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Oscar 2018 Winner Predictions Original Song

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Oscar 2018 Winner Predictions: Original Song

Walt Disney Studios Motion Pictures

Oscar 2018 Winner Predictions: Original Song

Sufjan Stevens's nomination for Call Me by Your Name scratches an emo itch that this category hasn't truly felt since Elliott Smith's Good Will Hunting ballad “Miss Misery” was nominated two decades ago. Though some felt that Stevens's tunes were a mismatch to the surrounding soundtrack's volley between Maurice Ravel and the Psychedelic Furs, the meek “Mystery of Love” is the best song in the lineup both in and out of context, charting the impatient but hesitant undercurrent of the film's romantic leads, at the same time as it approximates their shared, vaguely pretentious cultural interests. In 1998, Smith found himself hopelessly drowned out on all sides by power pop (the eventual winner, James Horner's anthemic “My Heart Will Go On”) and cartoon showtunes. The more things change…

Oscar 2018 Winner Predictions Director

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Oscar 2018 Winner Predictions: Director

Fox Searchlight Pictures

Oscar 2018 Winner Predictions: Director

“Since childhood, I've been faithful to monsters. I have been saved and absolved by them, because monsters, I believe, are patron saints of our blissful imperfection, and they allow and embody the possibility of failing,” said Guillermo del Toro while receiving his award for best director earlier this year at the Golden Globes. It's a beautiful sentiment that goes a long way toward explaining the appeal of the filmmaker's The Shape of Water. Case in point, the comment left by one Marisa Damele to a Variety article announcing that del Toro had been selected to head the jury at the next Venice Film Festival: “Guillermo del Toro knows how to make us realize, with every one of his films, that some monsters have beauty inside, while some good looking humans are hiding a monster in their interior. Not everything is what it looks like. See through the package. This is the message. He is brilliant.”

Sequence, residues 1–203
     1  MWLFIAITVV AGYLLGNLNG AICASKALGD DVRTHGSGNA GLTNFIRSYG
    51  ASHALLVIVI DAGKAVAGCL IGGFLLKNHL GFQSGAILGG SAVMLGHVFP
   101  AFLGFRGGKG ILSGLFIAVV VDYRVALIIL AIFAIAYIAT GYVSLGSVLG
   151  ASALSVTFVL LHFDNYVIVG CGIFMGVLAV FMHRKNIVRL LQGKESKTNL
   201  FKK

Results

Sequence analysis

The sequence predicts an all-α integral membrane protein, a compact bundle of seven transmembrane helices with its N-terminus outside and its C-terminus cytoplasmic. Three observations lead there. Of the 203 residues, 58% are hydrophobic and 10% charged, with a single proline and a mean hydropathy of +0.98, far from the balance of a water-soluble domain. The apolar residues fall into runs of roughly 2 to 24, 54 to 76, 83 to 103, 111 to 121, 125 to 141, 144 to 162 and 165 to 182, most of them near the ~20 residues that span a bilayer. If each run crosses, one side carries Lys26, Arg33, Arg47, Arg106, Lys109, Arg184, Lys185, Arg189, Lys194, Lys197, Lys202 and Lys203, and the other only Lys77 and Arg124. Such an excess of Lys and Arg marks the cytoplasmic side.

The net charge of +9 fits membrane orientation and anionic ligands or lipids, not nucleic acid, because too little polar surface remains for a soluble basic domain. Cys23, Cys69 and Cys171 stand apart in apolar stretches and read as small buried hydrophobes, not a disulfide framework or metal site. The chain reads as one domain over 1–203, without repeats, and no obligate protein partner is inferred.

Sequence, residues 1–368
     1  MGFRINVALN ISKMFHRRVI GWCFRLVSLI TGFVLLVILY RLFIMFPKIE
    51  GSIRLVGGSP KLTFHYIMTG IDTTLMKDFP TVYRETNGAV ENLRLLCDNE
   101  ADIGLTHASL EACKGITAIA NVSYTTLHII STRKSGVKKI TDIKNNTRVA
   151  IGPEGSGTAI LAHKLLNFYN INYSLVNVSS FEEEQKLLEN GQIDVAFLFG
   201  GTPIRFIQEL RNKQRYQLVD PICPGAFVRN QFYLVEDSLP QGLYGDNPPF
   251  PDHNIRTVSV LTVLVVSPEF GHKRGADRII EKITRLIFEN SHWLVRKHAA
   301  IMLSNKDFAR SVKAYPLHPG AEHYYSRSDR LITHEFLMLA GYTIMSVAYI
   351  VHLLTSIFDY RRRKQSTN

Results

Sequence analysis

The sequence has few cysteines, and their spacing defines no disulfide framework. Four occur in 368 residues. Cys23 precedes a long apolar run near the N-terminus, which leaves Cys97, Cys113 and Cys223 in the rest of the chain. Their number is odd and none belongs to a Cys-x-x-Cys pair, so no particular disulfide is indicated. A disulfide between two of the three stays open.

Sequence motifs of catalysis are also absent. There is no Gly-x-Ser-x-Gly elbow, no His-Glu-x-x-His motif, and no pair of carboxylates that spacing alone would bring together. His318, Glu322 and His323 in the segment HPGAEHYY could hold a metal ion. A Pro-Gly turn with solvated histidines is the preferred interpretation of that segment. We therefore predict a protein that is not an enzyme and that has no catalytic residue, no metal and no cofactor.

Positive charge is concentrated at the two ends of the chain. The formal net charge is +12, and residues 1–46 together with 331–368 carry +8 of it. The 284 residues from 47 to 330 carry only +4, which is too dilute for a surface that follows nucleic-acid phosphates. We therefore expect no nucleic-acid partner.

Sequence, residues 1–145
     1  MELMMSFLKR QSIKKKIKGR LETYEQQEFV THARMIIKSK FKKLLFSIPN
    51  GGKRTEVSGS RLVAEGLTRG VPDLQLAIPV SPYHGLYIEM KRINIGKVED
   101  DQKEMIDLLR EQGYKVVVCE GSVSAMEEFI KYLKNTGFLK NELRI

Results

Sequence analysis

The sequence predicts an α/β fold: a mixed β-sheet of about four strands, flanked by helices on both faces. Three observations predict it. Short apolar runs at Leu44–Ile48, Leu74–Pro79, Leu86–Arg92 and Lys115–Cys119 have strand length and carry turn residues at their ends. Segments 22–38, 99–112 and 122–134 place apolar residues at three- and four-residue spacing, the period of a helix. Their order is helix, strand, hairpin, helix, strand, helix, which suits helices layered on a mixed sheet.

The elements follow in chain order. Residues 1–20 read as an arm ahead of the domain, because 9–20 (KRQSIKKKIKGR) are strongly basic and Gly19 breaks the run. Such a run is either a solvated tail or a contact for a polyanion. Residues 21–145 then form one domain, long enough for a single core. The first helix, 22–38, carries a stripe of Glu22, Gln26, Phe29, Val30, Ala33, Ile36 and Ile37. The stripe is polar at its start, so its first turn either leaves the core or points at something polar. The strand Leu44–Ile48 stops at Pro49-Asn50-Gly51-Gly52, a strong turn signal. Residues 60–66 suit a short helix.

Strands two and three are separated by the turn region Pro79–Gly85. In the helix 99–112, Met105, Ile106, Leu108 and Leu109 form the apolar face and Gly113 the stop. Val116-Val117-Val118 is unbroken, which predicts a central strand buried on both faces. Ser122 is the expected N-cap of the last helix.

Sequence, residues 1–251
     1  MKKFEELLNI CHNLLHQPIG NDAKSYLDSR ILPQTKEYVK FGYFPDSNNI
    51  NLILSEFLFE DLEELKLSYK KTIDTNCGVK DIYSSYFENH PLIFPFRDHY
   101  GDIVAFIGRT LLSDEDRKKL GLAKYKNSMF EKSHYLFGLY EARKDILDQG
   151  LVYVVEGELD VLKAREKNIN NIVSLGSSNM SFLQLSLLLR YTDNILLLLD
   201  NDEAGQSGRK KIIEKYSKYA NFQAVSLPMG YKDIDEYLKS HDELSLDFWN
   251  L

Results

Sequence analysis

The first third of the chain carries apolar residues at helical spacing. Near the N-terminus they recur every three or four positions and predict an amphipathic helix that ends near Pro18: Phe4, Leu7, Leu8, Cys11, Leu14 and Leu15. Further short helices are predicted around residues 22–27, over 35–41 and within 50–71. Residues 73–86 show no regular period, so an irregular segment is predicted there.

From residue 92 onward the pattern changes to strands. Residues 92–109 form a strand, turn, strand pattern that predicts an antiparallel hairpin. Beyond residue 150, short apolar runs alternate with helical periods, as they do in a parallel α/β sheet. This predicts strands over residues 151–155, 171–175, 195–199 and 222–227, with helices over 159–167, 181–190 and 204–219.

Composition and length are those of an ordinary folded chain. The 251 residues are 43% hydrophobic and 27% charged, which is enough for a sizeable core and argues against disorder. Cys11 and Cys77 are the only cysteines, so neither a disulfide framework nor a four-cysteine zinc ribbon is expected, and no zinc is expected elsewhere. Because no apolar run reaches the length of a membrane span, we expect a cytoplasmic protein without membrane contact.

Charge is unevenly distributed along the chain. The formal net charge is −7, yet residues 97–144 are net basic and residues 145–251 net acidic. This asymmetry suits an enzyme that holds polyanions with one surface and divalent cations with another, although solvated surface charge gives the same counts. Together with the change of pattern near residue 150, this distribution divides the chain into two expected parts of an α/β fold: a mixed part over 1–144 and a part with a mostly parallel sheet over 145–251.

Interview: Playwright Jordan Harrison on The Amateurs and Log Cabin

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Interview: Playwright Jordan Harrison on The Amateurs and Log Cabin
Interview: Playwright Jordan Harrison on The Amateurs and Log Cabin